Aid to Africa will be high on the agenda when leaders of the eight major industrial nations meet in Scotland later this week. President Bush has proposed $1.7 billion dollars in U.S. assistance, including $55 million to help four countries bolster their efforts to combat violence against women. The White House says the money would complement its $15 billion program to fight AIDS because sexual victimization is one cause of the disease's spread. Although Africa is the focus of the U.S. women's initiative, the continent is not alone in this problem.
Be it Africa, Asia, the Americas, Europe, or Pacific nations, one thing is clear: There is no region on earth where brutality against women is unknown.
"Domestic violence is the type of violence you see the most cross culturally. In fact, it's probably the most prevalent form of violence," said Lori Heise. Ms. Heise is with the Global Coalition on Women and AIDS, a program started by the United Nations AIDS Program last year.
"Except for a few isolated cases where there have been documented societies where there's very little violence against women, it's endemic in almost every place we look," she added.
Throughout the industrialized world, beatings by intimate partners injure more women than car accidents, rape, and muggings combined. World Bank research finds that in Norway, for example, one-fourth of female gynecological patients have been sexually abused by their partners. In developing countries, 20 to 75 percent of women interviewed report this experience.
Being young is no protection. The World Health Organization (WHO) says roughly half of the sexual assaults reported to rape crisis centers in several countries are perpetrated against girls age 15 and under.
Kenyan pediatrician Florence Manguyu, a former president of the Medical Women's International Association, says the problem fosters not only women's misery, but also social and economic stagnation.
"Violence against women [is] at home, at work, everywhere, in civil strife like we see a lot of in my part of the world," Ms. Manguyu noted. "You cannot develop when there is no peace. Why do we have to be so violent against half of the population?"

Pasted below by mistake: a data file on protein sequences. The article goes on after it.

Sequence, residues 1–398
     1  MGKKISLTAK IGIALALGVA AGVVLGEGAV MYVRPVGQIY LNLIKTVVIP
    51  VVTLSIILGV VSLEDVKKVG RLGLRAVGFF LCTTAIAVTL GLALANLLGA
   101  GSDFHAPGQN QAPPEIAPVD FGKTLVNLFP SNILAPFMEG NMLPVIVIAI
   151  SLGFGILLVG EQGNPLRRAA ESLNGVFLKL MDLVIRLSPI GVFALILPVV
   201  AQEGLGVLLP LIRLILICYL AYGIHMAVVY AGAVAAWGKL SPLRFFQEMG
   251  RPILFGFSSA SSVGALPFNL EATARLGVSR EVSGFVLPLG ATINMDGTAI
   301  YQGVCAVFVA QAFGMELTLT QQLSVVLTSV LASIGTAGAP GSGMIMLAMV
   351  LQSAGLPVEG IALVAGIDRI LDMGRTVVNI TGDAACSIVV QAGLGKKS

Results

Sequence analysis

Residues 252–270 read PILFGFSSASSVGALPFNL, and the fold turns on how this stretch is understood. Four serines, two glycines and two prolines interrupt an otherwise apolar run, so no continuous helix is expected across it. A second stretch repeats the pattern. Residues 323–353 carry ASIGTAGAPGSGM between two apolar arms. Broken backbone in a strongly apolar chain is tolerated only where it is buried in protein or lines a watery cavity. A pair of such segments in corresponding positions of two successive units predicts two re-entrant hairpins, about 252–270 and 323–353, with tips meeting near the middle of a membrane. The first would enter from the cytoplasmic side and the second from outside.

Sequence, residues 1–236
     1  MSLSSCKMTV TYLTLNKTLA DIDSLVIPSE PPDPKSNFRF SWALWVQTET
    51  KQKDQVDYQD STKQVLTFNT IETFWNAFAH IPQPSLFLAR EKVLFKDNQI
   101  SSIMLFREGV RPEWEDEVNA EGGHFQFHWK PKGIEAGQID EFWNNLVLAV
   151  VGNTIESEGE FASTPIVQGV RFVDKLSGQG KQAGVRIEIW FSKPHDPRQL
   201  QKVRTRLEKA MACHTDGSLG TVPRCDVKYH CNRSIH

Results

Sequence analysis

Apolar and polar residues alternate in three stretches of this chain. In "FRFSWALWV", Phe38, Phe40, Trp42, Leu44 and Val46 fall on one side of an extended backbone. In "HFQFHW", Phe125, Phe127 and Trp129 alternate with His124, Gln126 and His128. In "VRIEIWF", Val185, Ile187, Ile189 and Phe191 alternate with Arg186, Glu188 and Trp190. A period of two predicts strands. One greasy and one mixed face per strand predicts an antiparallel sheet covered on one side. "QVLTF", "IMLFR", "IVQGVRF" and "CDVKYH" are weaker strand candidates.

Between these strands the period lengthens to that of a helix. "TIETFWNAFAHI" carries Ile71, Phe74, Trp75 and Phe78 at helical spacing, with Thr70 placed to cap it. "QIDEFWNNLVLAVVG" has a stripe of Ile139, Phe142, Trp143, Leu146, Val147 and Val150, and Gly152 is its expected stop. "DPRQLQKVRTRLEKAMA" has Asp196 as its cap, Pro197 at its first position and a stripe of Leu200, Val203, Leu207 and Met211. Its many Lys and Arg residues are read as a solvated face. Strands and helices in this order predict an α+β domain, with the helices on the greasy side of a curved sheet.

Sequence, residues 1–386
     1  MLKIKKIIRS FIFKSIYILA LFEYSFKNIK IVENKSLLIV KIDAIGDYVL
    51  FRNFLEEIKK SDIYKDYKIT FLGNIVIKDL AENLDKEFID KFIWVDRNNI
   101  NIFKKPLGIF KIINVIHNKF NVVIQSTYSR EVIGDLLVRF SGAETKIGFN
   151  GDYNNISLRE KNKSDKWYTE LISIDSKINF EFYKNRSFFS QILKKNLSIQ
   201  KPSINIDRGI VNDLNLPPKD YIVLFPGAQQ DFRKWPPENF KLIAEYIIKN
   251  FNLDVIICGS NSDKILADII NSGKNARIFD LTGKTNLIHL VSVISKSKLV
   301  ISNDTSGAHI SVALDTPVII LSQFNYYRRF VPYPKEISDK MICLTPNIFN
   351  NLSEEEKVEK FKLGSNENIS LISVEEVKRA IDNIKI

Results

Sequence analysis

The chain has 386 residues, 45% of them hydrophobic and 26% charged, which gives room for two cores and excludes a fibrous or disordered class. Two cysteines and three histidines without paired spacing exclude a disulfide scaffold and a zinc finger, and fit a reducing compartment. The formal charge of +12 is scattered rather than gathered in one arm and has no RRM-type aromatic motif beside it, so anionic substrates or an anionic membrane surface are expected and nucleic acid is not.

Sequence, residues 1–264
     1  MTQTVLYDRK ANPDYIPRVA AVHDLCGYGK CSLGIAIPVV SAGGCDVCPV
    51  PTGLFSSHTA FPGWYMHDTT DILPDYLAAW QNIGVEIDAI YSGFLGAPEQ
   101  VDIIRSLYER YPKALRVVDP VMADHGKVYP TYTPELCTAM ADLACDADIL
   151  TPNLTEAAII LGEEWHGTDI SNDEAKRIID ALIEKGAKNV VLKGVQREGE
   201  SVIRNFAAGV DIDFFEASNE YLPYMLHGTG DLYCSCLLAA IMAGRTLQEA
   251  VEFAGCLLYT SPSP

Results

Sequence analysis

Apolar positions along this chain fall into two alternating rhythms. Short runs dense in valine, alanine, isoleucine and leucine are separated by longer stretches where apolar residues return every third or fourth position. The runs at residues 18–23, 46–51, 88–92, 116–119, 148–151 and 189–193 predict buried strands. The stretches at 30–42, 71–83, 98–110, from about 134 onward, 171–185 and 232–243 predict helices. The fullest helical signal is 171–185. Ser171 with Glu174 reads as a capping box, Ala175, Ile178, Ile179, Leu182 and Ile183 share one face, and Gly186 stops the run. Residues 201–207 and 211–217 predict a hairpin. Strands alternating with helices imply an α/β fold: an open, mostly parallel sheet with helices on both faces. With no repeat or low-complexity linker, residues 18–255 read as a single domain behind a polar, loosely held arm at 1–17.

The health consequences for women are severe. The World Bank finds that domestic violence is a significant cause of death and disability among women of reproductive age everywhere. Battered women run twice the risk of miscarriage and four times the risk of having a low birth weight infant. They are also prone to alcohol and drug abuse and sexual promiscuity, risking exposure to AIDS and other sexually transmitted diseases.
The risk of AIDS also increases for abused women in monogamous relationships. University of Michigan researcher Kristin Dunkle and South African colleagues reported last year, for example, that an abusive or controlling partner increases a woman's chances for HIV by 50 percent over women who live in non-violent households.
"That suggests the hypothesis, then, of course, that violent and controlling men are more likely to be HIV-positive than are other men. So that says to us then it's the violent encounter itself that is the source of risk for women," she explained.
The South African study reinforces findings from other parts of the world. According to the U.N. AIDS program, a recent study in India shows that 90 percent of women being treated for sexually transmitted diseases at several clinics had only one sex partner their entire lives.
In what kind of societies is violence against women worst? Lori Heise says certain characteristics distinguish nations where the problem is common.
"In societies where you see a lot of rape and domestic violence, you also see a lot of interpersonal violent conflict among everyone. Where there's a lot of violence against women, men often fight a lot and there's a notion that violence is an acceptable way to resolve conflict. You also see a lot of economic inequality between men and women," she said.
Ms. Heise and other experts say no single strategy can alleviate violence against women and enhance female equality. They point out that the challenge is to encourage policy makers, health organizations, women's advocates and others to work together to reduce such violence and increase the effectiveness of HIV programs.
In proposing $55 million to improve the situation in Africa, the Bush administration notes that many African nations have already taken steps to improve women's legal rights, including new sexual offense laws and measures granting women greater rights to property and inheritance.